# Chapter 15 R

R was originally conceived as a Free/Libre and Open Source Software packag for statistical analyses. In a way, it’s an alternative to other statistical packages, such as SPSS, SAS, Stata, jamovi, and JASP. However, because R was designed to be very extensible, it has been extended incredibly, which means that R can now be used for pretty much all tasks a scientist engages in. And for many tasks that are perhaps not commonplace for scientists, but to applied researchers, or basically anybody doing anything with any type of data.

People who use R almost always use another program as an interface to R. The most popular software package is RStudio, which is also FLOSS. RStudio is discussed in Chapter 16; this Chapter will explain the basics of R itself, and as such, can be read independent of the interface you use.

There is one other program that is important to mention separately, and that is jamovi. The vision of jamovi is to produce an accessible but powerful statistical package. Because jamovi is FLOSS, and like R, was designed to be very extensible, in many ways the advantages of R also apply to jamovi. In fact, jamovi runs R as its backend. Note, however, that jamovi is much younger, and therefore as yet, the number of modules in its library can be counted in the tens, whereas R has thousands of packages available.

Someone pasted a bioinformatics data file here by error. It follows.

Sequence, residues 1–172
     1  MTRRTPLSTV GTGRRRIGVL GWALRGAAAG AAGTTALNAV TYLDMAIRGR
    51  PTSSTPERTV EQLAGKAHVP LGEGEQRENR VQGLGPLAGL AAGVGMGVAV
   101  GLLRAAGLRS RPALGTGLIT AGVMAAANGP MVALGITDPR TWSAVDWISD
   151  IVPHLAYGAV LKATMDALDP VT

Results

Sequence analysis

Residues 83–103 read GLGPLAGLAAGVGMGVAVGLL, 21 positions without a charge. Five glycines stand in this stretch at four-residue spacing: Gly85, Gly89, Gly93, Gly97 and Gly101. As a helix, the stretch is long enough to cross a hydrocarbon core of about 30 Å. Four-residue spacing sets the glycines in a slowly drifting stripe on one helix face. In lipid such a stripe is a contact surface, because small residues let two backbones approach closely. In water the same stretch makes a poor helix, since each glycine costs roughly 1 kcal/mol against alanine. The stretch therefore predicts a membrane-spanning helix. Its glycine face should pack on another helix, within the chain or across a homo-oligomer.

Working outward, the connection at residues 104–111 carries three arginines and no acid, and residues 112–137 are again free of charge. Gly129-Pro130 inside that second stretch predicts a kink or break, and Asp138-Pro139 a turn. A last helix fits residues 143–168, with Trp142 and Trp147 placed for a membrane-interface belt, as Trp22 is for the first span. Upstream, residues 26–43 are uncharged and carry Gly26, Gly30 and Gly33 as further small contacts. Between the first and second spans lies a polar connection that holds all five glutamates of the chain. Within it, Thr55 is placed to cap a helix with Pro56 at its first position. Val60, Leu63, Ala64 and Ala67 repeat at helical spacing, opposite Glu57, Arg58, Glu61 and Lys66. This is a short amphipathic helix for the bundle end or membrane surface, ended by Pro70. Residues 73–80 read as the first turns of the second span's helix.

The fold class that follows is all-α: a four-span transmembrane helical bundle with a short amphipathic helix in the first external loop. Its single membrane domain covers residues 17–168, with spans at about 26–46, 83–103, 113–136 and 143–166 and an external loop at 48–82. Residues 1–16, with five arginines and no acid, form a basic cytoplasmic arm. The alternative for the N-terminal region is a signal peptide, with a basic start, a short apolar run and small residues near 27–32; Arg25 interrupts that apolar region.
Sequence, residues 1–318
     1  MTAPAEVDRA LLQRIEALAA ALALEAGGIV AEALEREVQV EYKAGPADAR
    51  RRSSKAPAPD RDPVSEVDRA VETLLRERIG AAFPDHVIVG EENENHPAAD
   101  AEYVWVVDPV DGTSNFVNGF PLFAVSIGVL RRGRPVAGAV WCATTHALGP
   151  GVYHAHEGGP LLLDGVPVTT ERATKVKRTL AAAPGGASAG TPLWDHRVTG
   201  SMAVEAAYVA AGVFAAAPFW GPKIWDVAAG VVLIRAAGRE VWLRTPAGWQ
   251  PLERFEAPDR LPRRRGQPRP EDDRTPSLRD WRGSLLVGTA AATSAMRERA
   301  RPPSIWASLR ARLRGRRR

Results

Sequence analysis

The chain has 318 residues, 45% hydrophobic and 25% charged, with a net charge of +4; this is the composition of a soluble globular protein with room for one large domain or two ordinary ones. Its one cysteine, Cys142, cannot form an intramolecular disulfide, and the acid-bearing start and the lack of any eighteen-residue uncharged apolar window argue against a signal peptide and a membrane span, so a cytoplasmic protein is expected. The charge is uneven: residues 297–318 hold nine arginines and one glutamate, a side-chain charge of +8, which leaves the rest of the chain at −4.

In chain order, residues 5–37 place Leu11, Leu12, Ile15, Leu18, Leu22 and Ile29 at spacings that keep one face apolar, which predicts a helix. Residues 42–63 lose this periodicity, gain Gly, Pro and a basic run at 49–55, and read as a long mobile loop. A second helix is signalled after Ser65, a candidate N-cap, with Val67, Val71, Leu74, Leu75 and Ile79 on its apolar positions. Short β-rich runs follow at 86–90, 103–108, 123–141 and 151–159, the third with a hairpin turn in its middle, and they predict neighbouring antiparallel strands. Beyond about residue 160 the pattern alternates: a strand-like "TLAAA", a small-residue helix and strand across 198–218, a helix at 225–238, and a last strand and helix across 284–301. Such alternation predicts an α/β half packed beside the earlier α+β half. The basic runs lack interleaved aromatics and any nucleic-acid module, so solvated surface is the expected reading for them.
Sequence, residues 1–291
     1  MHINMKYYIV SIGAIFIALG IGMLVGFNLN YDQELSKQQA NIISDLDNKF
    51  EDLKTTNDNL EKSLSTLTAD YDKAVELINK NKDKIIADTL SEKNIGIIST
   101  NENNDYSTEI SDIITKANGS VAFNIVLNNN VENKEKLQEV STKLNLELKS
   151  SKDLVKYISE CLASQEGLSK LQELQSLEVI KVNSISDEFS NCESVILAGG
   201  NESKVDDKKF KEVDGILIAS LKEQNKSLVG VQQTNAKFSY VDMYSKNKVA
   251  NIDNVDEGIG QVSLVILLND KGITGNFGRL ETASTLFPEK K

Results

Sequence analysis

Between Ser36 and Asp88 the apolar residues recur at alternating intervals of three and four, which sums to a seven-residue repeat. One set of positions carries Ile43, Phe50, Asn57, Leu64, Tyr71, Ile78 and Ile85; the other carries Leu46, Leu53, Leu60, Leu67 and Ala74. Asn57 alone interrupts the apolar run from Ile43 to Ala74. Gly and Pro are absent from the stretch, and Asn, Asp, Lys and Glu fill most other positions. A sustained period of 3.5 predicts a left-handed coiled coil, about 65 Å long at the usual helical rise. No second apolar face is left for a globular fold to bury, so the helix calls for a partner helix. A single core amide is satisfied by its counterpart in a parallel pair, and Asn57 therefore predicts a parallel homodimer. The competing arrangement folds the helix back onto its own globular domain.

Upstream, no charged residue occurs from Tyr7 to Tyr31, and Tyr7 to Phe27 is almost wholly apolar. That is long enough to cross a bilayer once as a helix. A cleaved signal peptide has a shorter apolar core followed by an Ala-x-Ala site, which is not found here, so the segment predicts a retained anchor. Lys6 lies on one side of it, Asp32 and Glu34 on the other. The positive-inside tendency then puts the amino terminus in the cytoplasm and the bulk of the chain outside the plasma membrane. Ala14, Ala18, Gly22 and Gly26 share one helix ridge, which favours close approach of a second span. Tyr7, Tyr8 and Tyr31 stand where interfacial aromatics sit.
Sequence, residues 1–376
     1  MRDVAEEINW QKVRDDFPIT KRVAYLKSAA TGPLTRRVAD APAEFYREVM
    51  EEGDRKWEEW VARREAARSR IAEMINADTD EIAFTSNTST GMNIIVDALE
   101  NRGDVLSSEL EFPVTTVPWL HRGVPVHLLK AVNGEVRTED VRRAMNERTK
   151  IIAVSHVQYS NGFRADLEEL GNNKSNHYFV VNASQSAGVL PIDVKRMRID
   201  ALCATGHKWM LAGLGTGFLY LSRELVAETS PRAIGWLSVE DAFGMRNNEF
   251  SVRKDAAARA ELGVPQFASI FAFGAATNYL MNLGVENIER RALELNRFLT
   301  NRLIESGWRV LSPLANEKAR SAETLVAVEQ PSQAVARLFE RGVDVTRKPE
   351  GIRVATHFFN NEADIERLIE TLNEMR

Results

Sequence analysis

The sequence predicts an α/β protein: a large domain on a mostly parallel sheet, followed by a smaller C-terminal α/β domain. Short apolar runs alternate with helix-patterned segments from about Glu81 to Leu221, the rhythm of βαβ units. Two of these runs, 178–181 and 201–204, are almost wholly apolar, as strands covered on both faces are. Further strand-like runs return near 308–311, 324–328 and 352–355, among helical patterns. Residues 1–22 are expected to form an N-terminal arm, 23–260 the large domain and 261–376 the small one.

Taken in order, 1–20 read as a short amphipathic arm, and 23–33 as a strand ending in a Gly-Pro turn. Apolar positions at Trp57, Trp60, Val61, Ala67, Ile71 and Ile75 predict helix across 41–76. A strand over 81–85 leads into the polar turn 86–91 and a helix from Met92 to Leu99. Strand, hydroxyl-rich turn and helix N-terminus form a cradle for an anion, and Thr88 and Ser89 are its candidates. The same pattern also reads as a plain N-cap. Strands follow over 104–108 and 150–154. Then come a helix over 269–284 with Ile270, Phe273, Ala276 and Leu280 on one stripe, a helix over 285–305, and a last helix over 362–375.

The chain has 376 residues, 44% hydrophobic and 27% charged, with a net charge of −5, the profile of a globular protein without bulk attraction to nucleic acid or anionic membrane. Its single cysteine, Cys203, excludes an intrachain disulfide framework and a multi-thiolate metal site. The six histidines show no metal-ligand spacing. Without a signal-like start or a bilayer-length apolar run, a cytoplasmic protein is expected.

## 15.1 R Packages

R’s extensibility is implemented through the concept of packages. A package is a set of files that offer additional functionality that is more or less coherent. For example, there are packages for specific statistical analyses, such as power analyses (`pwr`

), single case design analyses (`scda`

), and meta-analyses (`metafor`

); there are packages for related tasks such as interacting with the local file system (`fs`

), quickly locating a file in an RStudio project (`here`

), and integrating R code in Markdown documents (`rmarkdown`

); and packages offering functionality that is not even statistical, such as packages for qualitative data analysis (`rdqa`

and `rock`

), rendering 3D images (`raytracer`

), and generative art (e.g.,`generativeart`

and `jasmines`

).

The R community developed and maintains the Comprehensive R Archive Network, or CRAN. CRAN is a huge repository of over ten thousand R packages. They did an impressive job when they designed the CRAN infrastructur, or more accurately, the policies. Contributing a package to R is relatively easy, but does force you to adopt some basic hygiene. For example, you need to have documentation for your package (and this documenation is checked for consistency). In addition, your dependencies on other packages has to be clearly (and machine-readably) documented. These ‘hoops’ you have to jump through ensure that CRAN packages meet some basic quality standards.

However - of course, with great power comes ~great responsibility~ some hassle. R is regularly updated, and so are R packages. Because R packages can themselves use functions from other R packages, it can happen that an update in R or another package causes ‘downstream’ packages to break. It also means that if you don’t keep your R version up-to-date, you may at some point not be able to install or update a package. Of course, updating R is a minor inconvenience, and usually something you’ll want to do anyway, but this is a minor hickup that is good to keep in mind.

## 15.2 Namespaces

## 15.3 Objects

### 15.3.1 Dataframes

### 15.3.2 Alternatives to dataframes

Recently, alternatives to dataframes were designed, such as tibbles and data.tables.

One important alternative is the data.tree. A data.tree is a dataframe for hierarchical data.